Among the uncertainties concerning the contribution of permafrost thawing to C cycle, the processes associated at the vegetation and at the microbial activity in the soil are of extreme importance. An increase in Net Primary Production in response to global warming and its interactions with the C cycle is predicted, but is not clear how much of the forecasted CO2 released by soil respiration due to permafrost thawing can be balanced by the CO2 assimilation through photosynthesis.
The SIOS funded project “Contribution of Vegetation and Soil components to Carbon cycle in Arctic environment in relationship to climate change (VegSoCA)" is trying to disentagle these questions.
Field work was conducted in Ny-Ålesund close to the Admundsen-Nobile Climate Change Tower (CCT), since the photosynthetic characterization of higher plants in this area was already performed in previous studies. The plant species taken in consideration were some of the most representative of this High Arctic tundra ecosystem such as Salix polaris, Dryas octopetala and Carex rupestris. The experimental approach used was the pulse-chase isotope labelling. The heavy stable Carbon isotope (13C) was used as a tracer for Carbon fluxes from atmosphere, through the plants, to the soil and again to the atmosphere via respiration.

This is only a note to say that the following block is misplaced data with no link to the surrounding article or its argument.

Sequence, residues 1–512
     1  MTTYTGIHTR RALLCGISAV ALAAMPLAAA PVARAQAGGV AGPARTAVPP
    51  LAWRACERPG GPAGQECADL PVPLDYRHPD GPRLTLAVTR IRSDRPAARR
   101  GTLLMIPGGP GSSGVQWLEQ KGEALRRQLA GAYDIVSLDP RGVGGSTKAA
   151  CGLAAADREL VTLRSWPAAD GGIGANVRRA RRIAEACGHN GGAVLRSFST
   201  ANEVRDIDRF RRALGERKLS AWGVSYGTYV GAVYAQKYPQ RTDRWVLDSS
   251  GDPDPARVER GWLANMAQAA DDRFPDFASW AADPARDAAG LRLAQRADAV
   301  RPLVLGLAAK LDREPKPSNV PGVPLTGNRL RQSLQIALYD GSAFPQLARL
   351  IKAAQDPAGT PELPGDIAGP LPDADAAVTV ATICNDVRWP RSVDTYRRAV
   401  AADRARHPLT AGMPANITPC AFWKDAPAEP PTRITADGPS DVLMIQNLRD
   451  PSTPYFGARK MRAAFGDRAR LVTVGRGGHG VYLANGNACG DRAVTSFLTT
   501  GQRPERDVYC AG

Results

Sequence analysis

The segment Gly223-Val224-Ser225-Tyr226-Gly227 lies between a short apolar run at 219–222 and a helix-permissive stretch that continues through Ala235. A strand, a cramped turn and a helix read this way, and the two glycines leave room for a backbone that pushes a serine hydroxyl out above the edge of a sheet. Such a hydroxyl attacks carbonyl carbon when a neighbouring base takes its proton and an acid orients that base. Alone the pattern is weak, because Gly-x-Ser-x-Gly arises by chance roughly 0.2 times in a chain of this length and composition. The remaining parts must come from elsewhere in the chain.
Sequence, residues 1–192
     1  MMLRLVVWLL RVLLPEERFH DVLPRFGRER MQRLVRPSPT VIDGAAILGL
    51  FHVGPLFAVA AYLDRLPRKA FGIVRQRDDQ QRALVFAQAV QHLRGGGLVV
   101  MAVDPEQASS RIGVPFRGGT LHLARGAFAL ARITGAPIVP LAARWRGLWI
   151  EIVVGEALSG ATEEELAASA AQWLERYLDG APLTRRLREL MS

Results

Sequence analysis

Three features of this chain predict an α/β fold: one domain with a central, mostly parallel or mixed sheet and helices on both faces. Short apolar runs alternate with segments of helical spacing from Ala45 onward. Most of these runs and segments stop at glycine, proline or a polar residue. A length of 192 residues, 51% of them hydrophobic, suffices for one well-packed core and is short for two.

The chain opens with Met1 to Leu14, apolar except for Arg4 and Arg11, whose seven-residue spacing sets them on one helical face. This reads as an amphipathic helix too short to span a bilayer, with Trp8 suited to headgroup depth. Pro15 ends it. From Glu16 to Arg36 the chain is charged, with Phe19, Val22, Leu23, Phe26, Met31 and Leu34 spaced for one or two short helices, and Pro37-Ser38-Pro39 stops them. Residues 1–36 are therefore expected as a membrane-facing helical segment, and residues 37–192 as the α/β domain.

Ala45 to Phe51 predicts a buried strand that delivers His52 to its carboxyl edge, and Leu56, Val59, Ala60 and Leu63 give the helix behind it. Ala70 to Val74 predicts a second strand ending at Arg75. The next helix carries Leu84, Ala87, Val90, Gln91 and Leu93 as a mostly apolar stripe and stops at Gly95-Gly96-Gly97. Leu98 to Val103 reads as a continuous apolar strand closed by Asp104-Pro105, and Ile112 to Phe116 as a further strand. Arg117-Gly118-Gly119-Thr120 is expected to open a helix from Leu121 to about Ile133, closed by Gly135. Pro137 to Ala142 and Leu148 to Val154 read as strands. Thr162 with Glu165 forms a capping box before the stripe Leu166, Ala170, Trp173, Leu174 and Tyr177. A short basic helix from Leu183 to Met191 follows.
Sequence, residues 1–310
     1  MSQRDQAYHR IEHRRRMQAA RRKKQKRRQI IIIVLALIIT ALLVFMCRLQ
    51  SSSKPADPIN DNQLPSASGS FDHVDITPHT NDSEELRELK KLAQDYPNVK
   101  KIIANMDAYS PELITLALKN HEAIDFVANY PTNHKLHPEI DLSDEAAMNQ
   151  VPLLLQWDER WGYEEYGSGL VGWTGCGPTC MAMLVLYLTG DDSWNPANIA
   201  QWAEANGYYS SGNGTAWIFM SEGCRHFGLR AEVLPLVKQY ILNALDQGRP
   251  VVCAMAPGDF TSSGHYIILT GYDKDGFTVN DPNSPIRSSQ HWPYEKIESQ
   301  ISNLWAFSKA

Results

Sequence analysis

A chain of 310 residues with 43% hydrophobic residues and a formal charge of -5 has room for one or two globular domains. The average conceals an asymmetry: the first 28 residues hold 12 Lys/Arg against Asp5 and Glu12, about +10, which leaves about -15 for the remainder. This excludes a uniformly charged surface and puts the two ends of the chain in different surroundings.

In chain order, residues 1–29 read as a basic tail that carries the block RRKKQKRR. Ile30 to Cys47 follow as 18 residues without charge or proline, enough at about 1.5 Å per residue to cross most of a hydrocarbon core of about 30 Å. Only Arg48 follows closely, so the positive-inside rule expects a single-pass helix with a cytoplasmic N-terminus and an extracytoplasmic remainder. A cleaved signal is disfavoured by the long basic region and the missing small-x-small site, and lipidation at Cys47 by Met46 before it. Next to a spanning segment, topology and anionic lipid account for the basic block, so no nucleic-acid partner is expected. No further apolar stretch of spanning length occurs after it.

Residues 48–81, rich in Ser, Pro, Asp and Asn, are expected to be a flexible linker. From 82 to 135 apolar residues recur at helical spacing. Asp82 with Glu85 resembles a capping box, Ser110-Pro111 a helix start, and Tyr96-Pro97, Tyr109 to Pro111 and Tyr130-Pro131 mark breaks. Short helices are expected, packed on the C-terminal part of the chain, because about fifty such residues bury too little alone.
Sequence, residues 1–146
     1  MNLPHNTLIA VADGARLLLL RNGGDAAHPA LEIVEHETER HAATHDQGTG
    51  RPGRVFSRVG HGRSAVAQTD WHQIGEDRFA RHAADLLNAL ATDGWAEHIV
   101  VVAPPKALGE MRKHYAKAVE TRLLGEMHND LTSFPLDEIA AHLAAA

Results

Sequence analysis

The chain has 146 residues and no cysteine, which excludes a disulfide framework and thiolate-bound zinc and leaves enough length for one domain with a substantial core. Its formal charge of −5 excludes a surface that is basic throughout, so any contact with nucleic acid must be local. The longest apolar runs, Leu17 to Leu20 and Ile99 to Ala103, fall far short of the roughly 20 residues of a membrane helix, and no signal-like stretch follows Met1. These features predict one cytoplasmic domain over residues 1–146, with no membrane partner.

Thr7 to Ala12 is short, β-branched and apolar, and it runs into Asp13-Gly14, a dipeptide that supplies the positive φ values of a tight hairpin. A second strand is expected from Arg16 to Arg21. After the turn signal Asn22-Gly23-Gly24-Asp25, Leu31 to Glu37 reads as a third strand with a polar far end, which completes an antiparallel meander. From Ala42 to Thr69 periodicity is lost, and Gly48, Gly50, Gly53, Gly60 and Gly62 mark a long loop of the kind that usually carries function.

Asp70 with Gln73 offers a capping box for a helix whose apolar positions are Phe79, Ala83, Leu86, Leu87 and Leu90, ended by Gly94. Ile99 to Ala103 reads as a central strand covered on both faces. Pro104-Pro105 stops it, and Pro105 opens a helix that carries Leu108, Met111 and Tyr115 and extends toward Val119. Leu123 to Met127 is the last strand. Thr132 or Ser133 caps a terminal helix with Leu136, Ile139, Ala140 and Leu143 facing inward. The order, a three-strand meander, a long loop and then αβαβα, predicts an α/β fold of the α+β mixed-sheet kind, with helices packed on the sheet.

Three researchers from the National Research Council of Itlay (CNR) - Angela Augusti, Olga Gavrichkova and Emanuele Pallozzi of the Institute of Agro Environmental and Forest Biology - arrived in Ny-Ålesund the 12th of July and started to set up the labelling campaign and other biophysical and biochemical measurements. Due to mixed weather conditions, they had to wait for a couple of sunny days to be able to perform the labelling. Finally, they managed to start their measurement the 16th of July and continued with collecting above ground material and soil until the 2nd of August.
These samples will be analysed for the 13C composition in different cellular compounds in the Laboratory of Isotope Ratio Mass Spectrometry of their Institute. Hopefully, the results will shed light on the complex processes - mediated both by plant and microbial physiology and climate - that affect the carbon cycle in Arctic ecosystems and that are needed to improve climate prediction models.